The Catechesis of the Good Shepherd has problems in three main areas. The first is a lack of an objective curriculum and thus no guarantee that the teachers will cover the necessary material to properly catechize the students. Second, some of the faculty who implement and train CGS catechists are not always orthodox. Third, there are teaching methods taken from Maria Montessori who wrote academic journals for the Theosophy Society in India.
1) No complete curriculum
Unlike a traditional curriculum that follows a single book for all who teach the same class, each catechist forms the class from his or her own album page. The album page is written by the catechist during training sessions and is slightly different for each catechist, depending on the instructor. There is only a master plan which generally but not particularly, reveals what is to be presented to all the catechists. CGS sets the foundations doctrines to be conveyed within the album pages through these specified themes. The contents of these album pages are handwritten and passed down from the CGS instructor to the catechist during CGS training. What is problematic is that time and again the album pages reveal that vast amounts of Catholic doctrine are missing from the program.
Upon observing these album pages it is clear that the CGS system is missing many essential teachings such as the Trinity, sanctifying grace, original sin, angels, and Marian doctrines. This is partly because CGS ideology believes that the catechist is not to teach but to let the child draw conclusions through inner spiritual knowledge. The founders of CGS even admit to removing parts of catechesis they did not find to be essential. However, since there is no formal curriculum, CGS has never been approved or condemned by the USCCB.
The CGS catechists are not encouraged to teach, because only Christ is the teacher; and the catechists are mere guides who asks pondering questions. Since this is combined with only a slim outline of content which needs to be covered, means that it is unlikely that the catechists will cover the necessary material which has been mandated by the US bishops. It is true that one can adopt elements from the CGS style to convey the faith in a manner that is both adequate and orthodox; but as this blog will reveal, this can only be achieved by ignoring much of the ideology of CGS.
2) Implemented by unorthodox members
Though there is not a universal formal curriculum/album pages, all CGS catechists attend classes to be trained to teach CGS and learn the CGS ideology and method. At the very apex of this organization, we see people who drastically deviate from the Church's teachings. One example is Catherine Maresca, whose website (Center for Children and Theology) is supported by CGSUSA. Maresca's site is linked to by CGSUSA and contains materials to aid children in participating in prayers of other religions such as Islam. They even sell Zen gongs to be rung before each class, and materials to participate in Buddhist rituals and meditation.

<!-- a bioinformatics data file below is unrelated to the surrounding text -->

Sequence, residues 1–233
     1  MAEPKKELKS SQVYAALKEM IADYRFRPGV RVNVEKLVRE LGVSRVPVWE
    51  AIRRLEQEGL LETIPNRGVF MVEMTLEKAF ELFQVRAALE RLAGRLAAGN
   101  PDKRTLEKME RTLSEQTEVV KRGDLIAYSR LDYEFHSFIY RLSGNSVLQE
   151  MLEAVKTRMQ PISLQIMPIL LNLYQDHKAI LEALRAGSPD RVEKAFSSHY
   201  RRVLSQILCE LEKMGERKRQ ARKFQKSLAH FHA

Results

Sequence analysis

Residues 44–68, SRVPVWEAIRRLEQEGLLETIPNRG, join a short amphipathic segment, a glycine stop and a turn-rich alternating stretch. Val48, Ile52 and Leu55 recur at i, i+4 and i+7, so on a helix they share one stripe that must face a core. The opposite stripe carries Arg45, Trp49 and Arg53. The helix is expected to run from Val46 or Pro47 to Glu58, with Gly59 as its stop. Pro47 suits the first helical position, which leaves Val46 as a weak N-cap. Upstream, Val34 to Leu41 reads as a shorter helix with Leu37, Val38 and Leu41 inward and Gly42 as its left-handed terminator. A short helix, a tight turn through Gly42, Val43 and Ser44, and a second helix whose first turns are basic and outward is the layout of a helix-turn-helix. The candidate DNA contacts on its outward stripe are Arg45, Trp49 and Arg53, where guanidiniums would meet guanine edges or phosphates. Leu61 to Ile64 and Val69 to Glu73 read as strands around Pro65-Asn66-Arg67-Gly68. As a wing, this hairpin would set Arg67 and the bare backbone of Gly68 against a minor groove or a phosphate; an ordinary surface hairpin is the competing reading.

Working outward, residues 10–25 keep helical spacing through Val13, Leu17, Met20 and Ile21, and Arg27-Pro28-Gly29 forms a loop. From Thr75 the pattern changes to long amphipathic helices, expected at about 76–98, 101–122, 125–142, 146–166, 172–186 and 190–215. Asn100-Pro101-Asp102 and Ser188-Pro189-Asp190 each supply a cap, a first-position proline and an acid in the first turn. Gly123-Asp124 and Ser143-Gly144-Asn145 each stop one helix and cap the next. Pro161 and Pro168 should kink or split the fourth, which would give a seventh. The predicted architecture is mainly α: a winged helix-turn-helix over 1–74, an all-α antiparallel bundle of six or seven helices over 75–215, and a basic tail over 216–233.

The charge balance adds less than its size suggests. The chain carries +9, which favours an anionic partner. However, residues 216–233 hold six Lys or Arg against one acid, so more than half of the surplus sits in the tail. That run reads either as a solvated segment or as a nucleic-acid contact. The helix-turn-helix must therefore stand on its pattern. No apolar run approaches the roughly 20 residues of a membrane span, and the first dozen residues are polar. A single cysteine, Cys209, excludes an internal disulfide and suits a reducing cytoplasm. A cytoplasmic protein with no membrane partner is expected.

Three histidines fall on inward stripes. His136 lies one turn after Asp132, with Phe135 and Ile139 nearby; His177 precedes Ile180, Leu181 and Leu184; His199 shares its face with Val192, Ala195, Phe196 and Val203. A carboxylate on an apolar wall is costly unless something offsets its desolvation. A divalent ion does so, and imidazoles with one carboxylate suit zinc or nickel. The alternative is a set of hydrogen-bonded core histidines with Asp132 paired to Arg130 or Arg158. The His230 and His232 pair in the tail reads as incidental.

The yearly CGSUSA retreat also contains unorthodox members who gives talks on implementing CGS. These conferences are called "Weaving Our Gifts" and are organized by the Center for Children and Theology run by Catherine Maresca. Here the unorthodoxy of CGSUSA is also manifested by speakers such as Sr. Linda Gibbler.
3) Based on the style and ideology of Maria Montessori
Unlike the traditional method of passing on truths, by which students learn from teachers, in the CGS program, the catechist is not to teach the student, because this would impede the student's creativity. Maria Montessori taught that the child has special knowledge not found in adults which the child can access and thereby come to know truths. This does not come from a Christian understanding in which the Faith must be passed down from previous generations, for certain things can only be known through Revelation. Rather Maria Montessori's journal writings for Theosophy Society in India reveal that her ideology came from the teachings of false religions. These ideas from theosophy permeate the method and ideology of CGS.
"Indian Red dot Known as a bindi. A bindi is a bright dot of some color applied in the center of the forehead close to the eyebrows worn in the Indian subcontinent (particularly amongst Hindus in India, Pakistan, Bangladesh, Nepal, Bhutan and Sri Lanka) and Southeast Asia among Balinese, Javanese, Malaysian, Singaporean and Burmese Hindus. A similar marking is also worn by babies and children in China and, like in the Indian subcontinent and Southeast Asia, represents the opening of the third eye."